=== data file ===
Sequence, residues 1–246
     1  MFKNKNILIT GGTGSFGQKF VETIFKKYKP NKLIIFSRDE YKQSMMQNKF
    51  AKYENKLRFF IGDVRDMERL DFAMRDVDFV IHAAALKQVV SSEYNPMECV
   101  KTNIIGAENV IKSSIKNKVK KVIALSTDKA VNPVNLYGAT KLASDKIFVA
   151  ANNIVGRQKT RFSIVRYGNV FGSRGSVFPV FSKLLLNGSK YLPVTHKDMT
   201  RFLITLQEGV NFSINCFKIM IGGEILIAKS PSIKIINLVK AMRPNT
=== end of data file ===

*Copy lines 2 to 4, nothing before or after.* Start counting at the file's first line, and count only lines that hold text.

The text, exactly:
     1  MFKNKNILIT GGTGSFGQKF VETIFKKYKP NKLIIFSRDE YKQSMMQNKF
    51  AKYENKLRFF IGDVRDMERL DFAMRDVDFV IHAAALKQVV SSEYNPMECV
   101  KTNIIGAENV IKSSIKNKVK KVIALSTDKA VNPVNLYGAT KLASDKIFVA